LANSING, Mich. — The Michigan Department of Health and Human Services(MDHHS) said state residents are being strongly advised to protect themselves from mosquito bites.
The advisory comes after four additional cases of Eastern Equine Encephalitis (EEE) has been confirmed in southwest Michigan--including two that were fatal.
The MDHHS is taking further action to protect public health as the disease remains a threat that has now resulted in seven confirmed human cases of EEE in Michigan with onset dates in July, according to the MDHHS.
The MDHHS said the new cases expanded the geographic area affect by human EEE cases to include Barry, Cass and Van Buren counties along with the previously identified cases of Kalamazoo and Berrien counties.
Two of the additional cases, in Cass and Van Buren counties, were fatal, along with an earlier case in Kalamazoo County, according to the MDHHS.
The MDHHS is encouraging local officials in the five southwest Michigan counties that have been impacted by human EEE and St. Joseph, Genesee and Lapeer counties, which have had animal EEE cases, to consider postponing, rescheduling or canceling outdoor activities happening at or after dusk, specifically activities that involve children.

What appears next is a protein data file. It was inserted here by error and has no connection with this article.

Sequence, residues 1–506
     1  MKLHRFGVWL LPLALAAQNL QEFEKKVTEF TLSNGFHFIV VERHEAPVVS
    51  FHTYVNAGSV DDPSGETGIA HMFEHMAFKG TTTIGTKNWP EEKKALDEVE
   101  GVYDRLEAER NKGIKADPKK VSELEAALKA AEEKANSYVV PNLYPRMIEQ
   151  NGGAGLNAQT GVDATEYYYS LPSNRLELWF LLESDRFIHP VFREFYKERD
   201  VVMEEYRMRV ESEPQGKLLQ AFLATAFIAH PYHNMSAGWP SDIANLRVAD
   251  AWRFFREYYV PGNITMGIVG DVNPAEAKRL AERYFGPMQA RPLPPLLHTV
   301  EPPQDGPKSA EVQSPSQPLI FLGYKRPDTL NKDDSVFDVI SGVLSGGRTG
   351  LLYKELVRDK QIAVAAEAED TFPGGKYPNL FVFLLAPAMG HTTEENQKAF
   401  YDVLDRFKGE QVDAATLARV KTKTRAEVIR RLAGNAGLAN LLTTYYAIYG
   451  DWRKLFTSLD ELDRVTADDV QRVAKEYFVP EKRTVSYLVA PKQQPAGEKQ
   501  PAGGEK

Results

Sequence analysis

The Kalamazoo County Health and Community Services Department also issued a recommendation to a local municipalities and schools to consider cancelling outdoor events or moving them inside if they are scheduled at or after dusk, according to the MDHHS.
The MDHHS said all Michigan residents can stay healthy by following these steps to avoid mosquito bites:
• Apply insect repellents that contain the active ingredient DEET, or other U.S. Environmental Protection Agency-registered product to exposed skin or clothing, and always follow the manufacturer’s directions for use.
• Wear long-sleeved shirts and long pants when outdoors. Apply insect repellent to clothing to help prevent bites.
• Maintain window and door screening to help keep mosquitoes outside.
• Empty water from mosquito breeding sites around the home, such as buckets, unused kiddie pools, old tires or similar sites where mosquitoes may lay eggs.
• Use nets and/or fans over outdoor eating areas.
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